GUN DOG TIP #1: Training Plan (Train the Way You Hunt) Training starts from day one as a puppy
Every interaction with your dog is a training situation.
Socialize your dog to build confidence.
Use available books and videos. Plenty to choose from
Know what you want before you start structured training
Master the basic commands * Introduce Birds * Introduce Gunfire * Reinforce known commands
Always leave 'em wanting more
Most folks train one way, hunt another. Simulate hunting experience as much as possible when training.
Need to expose dog to everything he's going to see, hear, and smell when you're duck hunting: Duck blind, dog stands, multiple people, decoys, duck calls, shotguns, birds flying in, the boat, a dog box, other dogs, 4-wheelers, trucks, freshly killed birds ...
EXAMPLE: if want your dog to sit quietly in the duck blind for 3 hours, you need to train your dog to do that. Use the PLACE command. Teach him to be patient for longer and longer periods of time
EXAMPLE: Takes puppies out to watch flocks of birds.
It's helpful to track your progress along the way in a simple notebook. I use a training journal with the dog's name, dates, and their performance -- mainly so I can track progress.
TAKEAWAY: Save a lot of time and aggravation by starting with very simple training plan. AND Train the way you hunt so on opening day, your dog is confident and ready for anything.
Train the Way you Hunt TRANSCRIPT
Drew: Hi, Iím Drew Keeth with Honey Brake. Iím here today with Steve Snell from Gun Dog Supply and Joe Perron from Champion Retrievers.
Steve is a new member of the Honey Brake Experience Team. Weíd like to welcome him in here for this series of this season. Steve is from Gun Dog Supply out of Starkville, Mississippi. They have an unlimited supply of products for dogs. Check them out on the website.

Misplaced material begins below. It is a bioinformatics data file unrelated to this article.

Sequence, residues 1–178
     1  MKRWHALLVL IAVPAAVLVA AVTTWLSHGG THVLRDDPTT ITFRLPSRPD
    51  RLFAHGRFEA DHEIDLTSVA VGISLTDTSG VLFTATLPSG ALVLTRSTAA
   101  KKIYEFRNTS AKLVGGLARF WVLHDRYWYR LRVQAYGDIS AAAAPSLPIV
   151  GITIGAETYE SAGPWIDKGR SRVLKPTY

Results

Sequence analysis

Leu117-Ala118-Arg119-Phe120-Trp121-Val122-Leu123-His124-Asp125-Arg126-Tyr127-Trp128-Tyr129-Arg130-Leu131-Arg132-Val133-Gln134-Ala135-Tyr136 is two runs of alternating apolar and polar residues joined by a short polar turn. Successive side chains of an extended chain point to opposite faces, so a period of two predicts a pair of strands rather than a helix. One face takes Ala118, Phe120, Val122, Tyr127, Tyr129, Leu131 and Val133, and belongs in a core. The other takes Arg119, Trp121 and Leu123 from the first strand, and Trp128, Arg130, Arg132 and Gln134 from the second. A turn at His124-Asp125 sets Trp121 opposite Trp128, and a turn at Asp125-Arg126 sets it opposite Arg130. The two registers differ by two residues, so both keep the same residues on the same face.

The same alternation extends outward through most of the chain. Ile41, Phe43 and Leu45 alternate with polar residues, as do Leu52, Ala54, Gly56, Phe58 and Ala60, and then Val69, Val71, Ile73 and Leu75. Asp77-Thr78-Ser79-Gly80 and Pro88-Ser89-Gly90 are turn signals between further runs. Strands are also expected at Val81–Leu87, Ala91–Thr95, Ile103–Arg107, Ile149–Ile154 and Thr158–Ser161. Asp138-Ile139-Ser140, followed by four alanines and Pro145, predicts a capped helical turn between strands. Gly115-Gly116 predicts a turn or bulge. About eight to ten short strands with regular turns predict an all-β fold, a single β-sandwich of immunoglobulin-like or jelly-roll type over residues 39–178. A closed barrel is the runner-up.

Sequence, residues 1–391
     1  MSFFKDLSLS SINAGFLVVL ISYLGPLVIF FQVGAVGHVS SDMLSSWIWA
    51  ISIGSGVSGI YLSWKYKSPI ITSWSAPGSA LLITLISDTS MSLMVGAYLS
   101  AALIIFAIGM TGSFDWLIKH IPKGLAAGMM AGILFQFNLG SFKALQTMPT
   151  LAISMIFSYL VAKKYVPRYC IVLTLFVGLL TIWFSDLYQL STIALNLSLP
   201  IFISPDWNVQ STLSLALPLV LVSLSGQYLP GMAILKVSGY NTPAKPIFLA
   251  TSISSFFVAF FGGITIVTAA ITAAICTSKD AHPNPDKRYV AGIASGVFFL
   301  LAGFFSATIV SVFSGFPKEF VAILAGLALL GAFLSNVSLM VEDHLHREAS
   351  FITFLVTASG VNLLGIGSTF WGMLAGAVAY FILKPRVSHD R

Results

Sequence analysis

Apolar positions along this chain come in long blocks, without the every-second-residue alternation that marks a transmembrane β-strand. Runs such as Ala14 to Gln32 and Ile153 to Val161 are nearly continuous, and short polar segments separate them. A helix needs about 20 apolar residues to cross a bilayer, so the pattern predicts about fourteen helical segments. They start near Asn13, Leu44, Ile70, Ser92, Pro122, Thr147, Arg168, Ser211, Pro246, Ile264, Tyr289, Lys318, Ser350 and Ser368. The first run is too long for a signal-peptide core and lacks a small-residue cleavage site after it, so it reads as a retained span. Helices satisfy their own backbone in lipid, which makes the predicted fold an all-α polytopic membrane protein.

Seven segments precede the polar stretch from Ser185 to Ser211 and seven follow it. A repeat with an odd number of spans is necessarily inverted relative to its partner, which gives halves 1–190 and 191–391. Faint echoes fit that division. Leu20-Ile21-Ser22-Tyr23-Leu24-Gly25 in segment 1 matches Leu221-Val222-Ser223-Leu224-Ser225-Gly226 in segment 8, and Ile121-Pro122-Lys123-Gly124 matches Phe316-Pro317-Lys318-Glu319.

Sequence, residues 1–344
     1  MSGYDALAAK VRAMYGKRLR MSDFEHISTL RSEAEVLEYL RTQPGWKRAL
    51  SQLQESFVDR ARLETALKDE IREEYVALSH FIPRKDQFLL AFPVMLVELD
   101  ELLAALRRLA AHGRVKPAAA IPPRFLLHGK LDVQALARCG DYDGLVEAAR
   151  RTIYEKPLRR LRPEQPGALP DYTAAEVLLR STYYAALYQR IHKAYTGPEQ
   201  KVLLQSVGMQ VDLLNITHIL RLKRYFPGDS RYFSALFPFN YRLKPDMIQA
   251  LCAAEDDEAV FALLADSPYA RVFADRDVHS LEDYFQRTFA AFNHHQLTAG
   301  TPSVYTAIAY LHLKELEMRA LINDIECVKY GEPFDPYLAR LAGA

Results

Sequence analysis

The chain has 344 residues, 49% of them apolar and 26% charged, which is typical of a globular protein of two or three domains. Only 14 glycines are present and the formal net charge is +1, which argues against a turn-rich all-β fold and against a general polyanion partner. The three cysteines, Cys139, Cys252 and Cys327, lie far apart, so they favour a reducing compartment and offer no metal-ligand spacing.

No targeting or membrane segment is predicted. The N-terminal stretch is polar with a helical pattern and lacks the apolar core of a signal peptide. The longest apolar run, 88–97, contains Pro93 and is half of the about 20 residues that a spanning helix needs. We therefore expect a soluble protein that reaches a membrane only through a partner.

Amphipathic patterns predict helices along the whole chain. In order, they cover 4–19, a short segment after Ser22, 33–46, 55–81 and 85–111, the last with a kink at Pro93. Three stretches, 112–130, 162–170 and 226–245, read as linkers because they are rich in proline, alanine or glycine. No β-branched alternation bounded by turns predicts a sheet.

Todayís weíre going to talk about a training plan for your dog, when to start and how to start. Joe, you want to elaborate on that?
Joe: What I like to do, Drew, is when we get them home at 49 days, is I like to get a little paint roller and throw it for them. All the gotta do is just go chase it. They donít have to bring it back to you.
Put them on a lead and walk them on a lead, teach them how to talk. They donít have to walk at heel or anything, but just stay around where you are and get used to it.
And then teach them to sit. And the way I teach them to sit is Iíll pick up on the lead and Iíll push their hiney down, and Iíll say sit at the same time. Get Ďem, let them walk around a little bit, repeat that.
And just keep repeating it. In a few days heíll be sitting whenever you tell him.
Steve: Drew, most people train one way and they hunt another. Itís really important to incorporate everything that your dog is going to see in a hunting situation into your training.
The first time a dog is in a duck blind, you donít want it to be the first time he sees decoys, first time he sees a four wheeler, the first time heís got three or four people around him firing shotguns.
And so, youíve got to incorporate all these things into the training to have a dog thatís ready to go.
Weíve got all sorts of books and DVDs that can take you from a puppy all the way up to a fully trained retriever.
Drew: The one thing we did with Honey this year, we got her around Christmastime and started her out taking her to the duck shed every morning and meeting everybody before daylight, and running around, and four wheelers, and trucks, and boats, and all that good stuff.
Socialization, to me, is very, very key to successfully having a hunting retriever.
This is your Honey Brake gun dog tip of the week.